The Movement to Membership – and What Every Business Can Learn From It

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Are people tired of owning things?

The question sounds a bit ridiculous, but consider the growth of companies like Netflix, Spotify and Pandora. We’re paying for entertainment we used to own.

Programs such as T-Mobile’s Jump and Sprint’s iPhone Forever essentially leave us leasing our phones.

With Office 365 and Adobe’s Marketing Cloud, we’re moving away from actually owning software.

Even your local car wash is probably offering an “unlimited washes” monthly package.

To some extent, every industry seems to be moving toward membership models. Instead of a single purchase, consumers are agreeing to make continuous payments in exchange for on-demand access to the latest and greatest.

It’s an incredible opportunity for businesses. Recurring revenue, more frequent touchpoints, and an ever-growing trove of customer data are just some of the benefits to a membership model.

But, as Robbie Kellman Baxter points out in “The Membership Economy,” it requires a different mindset from what traditional businesses are used to.

A Shift in Mindset

Historically, success was based on building a great product, then selling it to people. Ideally that product would be valuable enough to keep them coming back for the next iteration.

Robbie Kellman Baxter, author of The Membership Economy
Robbie Kellman Baxter, author of The Membership Economy
Things are slightly different in a membership model. The product is no longer the center of the universe – the relationship between customer and brand is.

In the membership world, the innovation must be continuous, and every interaction with a customer must add value. Customer service can no longer simply “minimize anger,” but instead must be about building relationships.

Instead of one big transaction, membership requires a series of ongoing transactions. Every day, month, and year, the business is earning that member’s loyalty.

It sounds like a lot of effort. Consumers are fickle and not inherently prone to loyalty, after all. But the payoff is far superior, when you consider the lifetime value of a customer, the opportunity for upselling and cross-selling, referrals, and everything that comes with highly engaged, loyal customers.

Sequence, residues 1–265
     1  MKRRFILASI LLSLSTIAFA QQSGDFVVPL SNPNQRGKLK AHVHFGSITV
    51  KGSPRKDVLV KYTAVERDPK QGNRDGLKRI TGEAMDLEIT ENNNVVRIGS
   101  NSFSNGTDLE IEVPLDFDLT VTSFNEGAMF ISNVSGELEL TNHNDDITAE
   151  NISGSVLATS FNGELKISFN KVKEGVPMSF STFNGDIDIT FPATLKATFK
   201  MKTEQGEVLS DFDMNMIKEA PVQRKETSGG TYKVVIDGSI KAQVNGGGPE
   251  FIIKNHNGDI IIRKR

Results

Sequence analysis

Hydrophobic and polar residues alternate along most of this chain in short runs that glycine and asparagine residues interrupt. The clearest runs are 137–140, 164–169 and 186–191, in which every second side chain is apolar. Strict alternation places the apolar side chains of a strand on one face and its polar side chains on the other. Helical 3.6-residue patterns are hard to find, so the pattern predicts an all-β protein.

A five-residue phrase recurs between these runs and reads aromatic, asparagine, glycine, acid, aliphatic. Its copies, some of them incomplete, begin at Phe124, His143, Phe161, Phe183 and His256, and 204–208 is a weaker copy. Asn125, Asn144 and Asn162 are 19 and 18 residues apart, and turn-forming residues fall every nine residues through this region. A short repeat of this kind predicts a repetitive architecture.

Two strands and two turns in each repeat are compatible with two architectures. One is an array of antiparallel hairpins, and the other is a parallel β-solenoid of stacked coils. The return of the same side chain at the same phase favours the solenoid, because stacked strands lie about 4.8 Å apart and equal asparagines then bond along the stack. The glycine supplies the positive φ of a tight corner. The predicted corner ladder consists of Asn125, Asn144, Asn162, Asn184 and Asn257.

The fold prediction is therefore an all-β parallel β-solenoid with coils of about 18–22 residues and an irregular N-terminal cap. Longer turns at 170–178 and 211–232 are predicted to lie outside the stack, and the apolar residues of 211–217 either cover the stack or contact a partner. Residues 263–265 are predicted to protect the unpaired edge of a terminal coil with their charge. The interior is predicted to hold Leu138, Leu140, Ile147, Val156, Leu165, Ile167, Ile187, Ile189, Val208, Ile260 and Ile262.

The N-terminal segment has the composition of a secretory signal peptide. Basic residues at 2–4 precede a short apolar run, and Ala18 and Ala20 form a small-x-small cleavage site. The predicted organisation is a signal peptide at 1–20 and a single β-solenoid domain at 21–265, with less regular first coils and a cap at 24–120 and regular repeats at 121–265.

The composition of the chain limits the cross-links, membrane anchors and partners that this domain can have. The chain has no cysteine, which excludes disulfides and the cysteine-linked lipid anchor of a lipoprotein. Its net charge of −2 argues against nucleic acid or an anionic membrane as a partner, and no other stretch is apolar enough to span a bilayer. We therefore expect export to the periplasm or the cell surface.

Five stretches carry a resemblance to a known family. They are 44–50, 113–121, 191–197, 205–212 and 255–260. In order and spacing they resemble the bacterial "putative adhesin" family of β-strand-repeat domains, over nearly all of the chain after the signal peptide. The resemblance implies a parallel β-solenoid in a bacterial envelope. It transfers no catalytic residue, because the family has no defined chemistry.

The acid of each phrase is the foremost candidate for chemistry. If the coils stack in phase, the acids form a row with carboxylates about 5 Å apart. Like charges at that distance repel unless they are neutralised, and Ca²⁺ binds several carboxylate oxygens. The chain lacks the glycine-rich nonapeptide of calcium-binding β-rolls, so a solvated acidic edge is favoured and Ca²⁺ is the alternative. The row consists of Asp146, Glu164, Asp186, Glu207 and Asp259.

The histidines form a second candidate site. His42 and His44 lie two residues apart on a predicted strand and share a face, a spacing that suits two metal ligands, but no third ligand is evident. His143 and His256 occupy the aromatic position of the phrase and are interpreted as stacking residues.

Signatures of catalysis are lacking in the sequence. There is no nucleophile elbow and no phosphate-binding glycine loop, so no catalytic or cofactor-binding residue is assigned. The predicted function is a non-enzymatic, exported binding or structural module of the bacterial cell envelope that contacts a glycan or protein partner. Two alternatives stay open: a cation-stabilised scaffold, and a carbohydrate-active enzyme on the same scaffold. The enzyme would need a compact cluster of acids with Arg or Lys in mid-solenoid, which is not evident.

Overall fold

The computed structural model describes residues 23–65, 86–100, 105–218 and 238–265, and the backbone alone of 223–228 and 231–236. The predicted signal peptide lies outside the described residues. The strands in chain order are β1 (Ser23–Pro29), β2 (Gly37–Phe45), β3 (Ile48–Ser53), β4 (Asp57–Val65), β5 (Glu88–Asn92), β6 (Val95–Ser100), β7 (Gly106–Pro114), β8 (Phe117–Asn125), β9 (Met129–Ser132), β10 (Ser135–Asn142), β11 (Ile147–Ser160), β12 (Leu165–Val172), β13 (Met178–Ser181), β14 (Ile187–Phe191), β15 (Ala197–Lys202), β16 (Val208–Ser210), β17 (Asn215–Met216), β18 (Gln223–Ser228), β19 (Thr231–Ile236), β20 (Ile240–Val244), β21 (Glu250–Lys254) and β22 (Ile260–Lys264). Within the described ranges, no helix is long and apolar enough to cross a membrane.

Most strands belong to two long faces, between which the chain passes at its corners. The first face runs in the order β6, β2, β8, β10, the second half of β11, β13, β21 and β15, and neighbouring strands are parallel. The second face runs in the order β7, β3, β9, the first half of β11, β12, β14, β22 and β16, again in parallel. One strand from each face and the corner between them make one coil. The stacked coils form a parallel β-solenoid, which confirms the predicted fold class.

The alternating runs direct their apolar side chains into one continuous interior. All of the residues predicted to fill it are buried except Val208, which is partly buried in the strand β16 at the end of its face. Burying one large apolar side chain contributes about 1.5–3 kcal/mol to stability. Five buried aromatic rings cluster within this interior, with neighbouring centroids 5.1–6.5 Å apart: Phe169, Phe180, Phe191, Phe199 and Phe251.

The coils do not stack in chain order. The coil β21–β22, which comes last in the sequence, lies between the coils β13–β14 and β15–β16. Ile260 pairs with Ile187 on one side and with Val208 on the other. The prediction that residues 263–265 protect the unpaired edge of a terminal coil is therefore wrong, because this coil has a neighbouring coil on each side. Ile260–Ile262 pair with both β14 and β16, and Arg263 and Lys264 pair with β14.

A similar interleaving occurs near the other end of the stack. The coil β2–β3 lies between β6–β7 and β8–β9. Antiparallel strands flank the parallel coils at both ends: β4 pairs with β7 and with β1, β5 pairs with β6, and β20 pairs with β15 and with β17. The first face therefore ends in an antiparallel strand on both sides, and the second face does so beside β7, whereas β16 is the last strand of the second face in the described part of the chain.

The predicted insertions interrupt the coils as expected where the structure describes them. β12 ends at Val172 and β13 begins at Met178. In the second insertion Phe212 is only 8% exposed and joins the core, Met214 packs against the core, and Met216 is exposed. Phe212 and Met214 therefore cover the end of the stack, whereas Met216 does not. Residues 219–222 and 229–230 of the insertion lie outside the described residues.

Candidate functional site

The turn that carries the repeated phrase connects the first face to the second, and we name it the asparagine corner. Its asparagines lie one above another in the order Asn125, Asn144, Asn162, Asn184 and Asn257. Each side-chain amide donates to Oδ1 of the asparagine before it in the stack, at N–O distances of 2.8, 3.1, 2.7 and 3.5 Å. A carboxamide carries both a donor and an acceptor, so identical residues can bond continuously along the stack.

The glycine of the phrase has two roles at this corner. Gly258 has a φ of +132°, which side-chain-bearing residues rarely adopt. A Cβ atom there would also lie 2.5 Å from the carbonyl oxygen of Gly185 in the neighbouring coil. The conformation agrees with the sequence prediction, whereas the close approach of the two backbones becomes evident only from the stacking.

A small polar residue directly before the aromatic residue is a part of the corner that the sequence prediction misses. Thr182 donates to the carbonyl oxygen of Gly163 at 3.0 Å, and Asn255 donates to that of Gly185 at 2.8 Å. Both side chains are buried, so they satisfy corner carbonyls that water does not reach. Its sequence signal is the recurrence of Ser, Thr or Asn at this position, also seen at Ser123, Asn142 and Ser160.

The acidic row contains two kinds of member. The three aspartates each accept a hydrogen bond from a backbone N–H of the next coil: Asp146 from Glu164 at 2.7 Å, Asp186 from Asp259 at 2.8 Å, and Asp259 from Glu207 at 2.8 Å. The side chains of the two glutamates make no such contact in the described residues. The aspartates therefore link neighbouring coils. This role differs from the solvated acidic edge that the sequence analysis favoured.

Is a Memberhsip Model for You?

Can a subscription or membership model work for any business? Probably not, though Baxter could probably make a convincing case for just about any industry. One simple step that many companies have already taken is a loyalty program. These programs, such as Amazon’s Prime or even your local grocery card, aren’t the core product, but they are a formalized relationship between consumer and brand.

Even without a formalized membership program, every company can stand to learn from some of the core tenets of a membership model, such as continuous innovation, adding value in every touchpoint, focusing on retention as a core metric instead of simply revenue.

The bottom line is when people realize a brand is giving them value every time they come into contact with it, they’re going to keep coming back. Ownership doesn’t have the allure that it used to, not when “membership” has the higher value.

(If you’re interested in hearing more about how every organization can use membership principles to build engagement and loyalty, check out our webinar with Baxter on Nov 11 at 11am Eastern. It’s free.)

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